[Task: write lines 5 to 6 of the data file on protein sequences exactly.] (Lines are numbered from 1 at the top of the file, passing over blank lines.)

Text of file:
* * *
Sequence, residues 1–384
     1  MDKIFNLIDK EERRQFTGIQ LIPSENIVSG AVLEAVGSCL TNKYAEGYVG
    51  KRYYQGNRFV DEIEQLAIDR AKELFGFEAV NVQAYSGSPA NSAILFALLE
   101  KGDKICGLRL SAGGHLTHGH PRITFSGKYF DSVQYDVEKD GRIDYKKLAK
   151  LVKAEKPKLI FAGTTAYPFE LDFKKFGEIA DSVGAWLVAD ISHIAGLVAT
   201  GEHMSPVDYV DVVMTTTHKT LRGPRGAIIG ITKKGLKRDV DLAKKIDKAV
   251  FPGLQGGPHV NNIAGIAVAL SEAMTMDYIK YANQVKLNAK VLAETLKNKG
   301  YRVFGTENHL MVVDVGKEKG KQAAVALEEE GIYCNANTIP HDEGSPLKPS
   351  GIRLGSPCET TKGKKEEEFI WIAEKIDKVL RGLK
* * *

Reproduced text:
   151  LVKAEKPKLI FAGTTAYPFE LDFKKFGEIA DSVGAWLVAD ISHIAGLVAT
   201  GEHMSPVDYV DVVMTTTHKT LRGPRGAIIG ITKKGLKRDV DLAKKIDKAV